The rearview camera is no breaking technology, but it has not been available for all consumers. Most car makers only offer the addition at premium or luxury packaging. The National Highway Traffic Safety Administration (NHTSA) has just announced a new regulation which requires all vehicles under the 10,000 pounds (includes all bus, cars, SUVs, vans and small trucks) to be equipped with rearview cameras.
Every year, there is an estimated of 210 deaths and 15,000 injuries caused by vehicles backing up. The NHTSA is expecting to have 58-69 lives saved each year by 2054 when nearly every vehicle would be equipped with this technology.
Why was this not implemented earlier?
“It’s about time the motoring public will finally be able to see what’s behind their vehicle while backing up,” says Janette Fennell, president of KidsAndCars.org
Why not, right? We have had this technology for quite a while. Concerned parents were a huge drive in this moment due to the fact that 31% of deaths due to vehicles backing up are children. A rule was set in place since 2011, but has been pushed back 5 times due to several revision to the rule in order to make a standard for vehicles sold in the United States.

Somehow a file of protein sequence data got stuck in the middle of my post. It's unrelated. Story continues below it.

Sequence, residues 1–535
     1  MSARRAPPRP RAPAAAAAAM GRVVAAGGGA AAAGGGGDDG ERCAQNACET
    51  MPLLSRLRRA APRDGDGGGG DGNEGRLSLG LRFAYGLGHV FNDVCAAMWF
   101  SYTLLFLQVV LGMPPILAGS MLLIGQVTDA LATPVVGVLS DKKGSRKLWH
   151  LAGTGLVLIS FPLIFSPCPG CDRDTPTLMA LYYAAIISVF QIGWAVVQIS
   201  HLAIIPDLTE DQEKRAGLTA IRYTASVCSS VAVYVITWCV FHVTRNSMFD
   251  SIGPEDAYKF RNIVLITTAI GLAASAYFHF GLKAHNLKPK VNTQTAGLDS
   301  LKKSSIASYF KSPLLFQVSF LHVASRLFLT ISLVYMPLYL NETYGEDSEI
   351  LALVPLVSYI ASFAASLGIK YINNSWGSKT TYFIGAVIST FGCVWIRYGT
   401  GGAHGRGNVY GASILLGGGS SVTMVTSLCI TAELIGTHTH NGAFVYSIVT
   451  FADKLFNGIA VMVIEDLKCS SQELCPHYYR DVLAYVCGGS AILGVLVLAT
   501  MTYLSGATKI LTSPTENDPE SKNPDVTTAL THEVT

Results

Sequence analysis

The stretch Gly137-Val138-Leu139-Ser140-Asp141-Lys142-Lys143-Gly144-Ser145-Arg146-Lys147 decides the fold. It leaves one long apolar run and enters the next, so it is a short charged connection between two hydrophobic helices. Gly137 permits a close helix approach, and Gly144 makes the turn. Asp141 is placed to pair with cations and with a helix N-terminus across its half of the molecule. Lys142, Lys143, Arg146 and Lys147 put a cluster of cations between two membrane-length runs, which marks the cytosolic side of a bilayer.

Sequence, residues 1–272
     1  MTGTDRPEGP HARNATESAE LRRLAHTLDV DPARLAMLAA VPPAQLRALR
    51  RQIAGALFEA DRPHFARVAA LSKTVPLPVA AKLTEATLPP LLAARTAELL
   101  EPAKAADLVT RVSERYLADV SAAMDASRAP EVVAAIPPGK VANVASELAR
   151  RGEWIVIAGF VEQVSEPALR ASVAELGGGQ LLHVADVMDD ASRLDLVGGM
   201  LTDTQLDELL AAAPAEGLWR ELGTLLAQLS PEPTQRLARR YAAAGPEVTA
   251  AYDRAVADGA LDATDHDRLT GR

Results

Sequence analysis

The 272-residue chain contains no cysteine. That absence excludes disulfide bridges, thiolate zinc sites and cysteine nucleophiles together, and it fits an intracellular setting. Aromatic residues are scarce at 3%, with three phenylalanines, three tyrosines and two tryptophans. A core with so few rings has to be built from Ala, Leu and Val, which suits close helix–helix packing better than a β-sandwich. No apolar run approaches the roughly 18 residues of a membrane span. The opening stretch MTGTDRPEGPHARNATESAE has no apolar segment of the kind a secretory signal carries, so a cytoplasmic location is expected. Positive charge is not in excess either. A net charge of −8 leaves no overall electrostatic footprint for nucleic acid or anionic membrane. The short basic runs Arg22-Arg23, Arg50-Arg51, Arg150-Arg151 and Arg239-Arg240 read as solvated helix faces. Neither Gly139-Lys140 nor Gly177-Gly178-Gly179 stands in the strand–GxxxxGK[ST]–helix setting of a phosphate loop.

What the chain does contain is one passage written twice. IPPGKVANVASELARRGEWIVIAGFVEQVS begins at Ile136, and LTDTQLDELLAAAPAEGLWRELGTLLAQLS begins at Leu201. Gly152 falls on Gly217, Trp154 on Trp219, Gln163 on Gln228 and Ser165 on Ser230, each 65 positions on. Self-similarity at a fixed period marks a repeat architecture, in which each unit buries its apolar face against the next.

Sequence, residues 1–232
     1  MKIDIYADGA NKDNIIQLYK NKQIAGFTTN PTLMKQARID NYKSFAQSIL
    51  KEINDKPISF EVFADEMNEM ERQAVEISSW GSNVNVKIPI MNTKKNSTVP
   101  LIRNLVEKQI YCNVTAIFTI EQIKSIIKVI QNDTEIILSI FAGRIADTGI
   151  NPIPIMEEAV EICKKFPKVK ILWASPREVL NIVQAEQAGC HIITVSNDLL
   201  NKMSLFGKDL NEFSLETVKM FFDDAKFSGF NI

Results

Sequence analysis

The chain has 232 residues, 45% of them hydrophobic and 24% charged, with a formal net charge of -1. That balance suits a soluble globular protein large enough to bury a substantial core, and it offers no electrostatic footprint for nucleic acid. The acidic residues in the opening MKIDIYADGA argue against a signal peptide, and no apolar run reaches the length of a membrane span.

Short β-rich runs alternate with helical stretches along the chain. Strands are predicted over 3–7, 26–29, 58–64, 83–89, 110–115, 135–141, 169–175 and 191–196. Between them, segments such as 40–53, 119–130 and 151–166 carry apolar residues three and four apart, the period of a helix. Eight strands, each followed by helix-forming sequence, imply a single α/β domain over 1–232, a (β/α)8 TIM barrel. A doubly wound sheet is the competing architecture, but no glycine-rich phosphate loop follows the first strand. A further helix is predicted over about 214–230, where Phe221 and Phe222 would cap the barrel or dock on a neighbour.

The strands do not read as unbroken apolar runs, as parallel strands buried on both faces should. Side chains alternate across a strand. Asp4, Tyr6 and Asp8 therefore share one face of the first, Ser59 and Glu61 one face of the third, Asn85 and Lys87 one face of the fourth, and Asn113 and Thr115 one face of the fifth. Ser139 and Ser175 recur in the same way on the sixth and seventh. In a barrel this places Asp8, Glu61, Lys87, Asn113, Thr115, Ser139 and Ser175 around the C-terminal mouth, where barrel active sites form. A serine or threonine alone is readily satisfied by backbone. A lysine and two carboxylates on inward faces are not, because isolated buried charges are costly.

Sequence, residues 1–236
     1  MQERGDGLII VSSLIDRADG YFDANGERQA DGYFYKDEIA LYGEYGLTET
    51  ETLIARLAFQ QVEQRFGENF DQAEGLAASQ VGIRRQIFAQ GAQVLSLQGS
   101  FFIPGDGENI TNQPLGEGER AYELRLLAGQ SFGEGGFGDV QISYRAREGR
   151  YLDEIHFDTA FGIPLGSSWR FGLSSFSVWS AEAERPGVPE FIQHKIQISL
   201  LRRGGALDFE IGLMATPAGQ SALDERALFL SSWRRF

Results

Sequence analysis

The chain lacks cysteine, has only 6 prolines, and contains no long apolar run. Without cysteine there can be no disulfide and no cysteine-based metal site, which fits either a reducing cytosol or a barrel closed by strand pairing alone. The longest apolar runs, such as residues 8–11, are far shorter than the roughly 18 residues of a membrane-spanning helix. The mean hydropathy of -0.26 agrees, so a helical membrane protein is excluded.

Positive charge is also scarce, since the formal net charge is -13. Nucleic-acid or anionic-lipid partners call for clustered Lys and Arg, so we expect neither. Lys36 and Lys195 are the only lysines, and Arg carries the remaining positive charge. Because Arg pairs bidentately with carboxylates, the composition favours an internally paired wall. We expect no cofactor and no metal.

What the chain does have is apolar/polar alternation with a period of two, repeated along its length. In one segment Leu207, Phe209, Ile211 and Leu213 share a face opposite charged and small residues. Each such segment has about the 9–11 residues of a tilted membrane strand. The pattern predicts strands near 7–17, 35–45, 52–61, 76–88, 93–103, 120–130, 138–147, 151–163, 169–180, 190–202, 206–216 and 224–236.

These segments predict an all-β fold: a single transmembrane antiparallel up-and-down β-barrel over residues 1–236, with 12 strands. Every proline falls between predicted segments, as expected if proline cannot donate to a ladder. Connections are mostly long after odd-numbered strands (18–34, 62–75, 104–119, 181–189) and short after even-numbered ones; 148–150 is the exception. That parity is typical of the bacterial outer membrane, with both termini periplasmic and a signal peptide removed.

Problem for Automotive Companies?
Once again, the rearview camera is not breaking technology. Cost should not be an issue for the big automotive companies. NHTSA is expecting the cost per vehicle to be $132 to $142 for a complete system, and $43 to $45 for vehicles with existing compatible display screen. Some automotive companies are already ahead of the game. Toyota (NYSE: TM) and Honda (NYSE: HMC) already has this as a standard for their new cars and has equipped nearly of all their vehicles with rearview camera.
The rule would be final in 60 days, at May 1, 2014. All vehicles are to have a 10-foot by 20-foot zone view for the rearview camera. By 2019, model of vehicles, all new vehicles are expected to comply to this standard.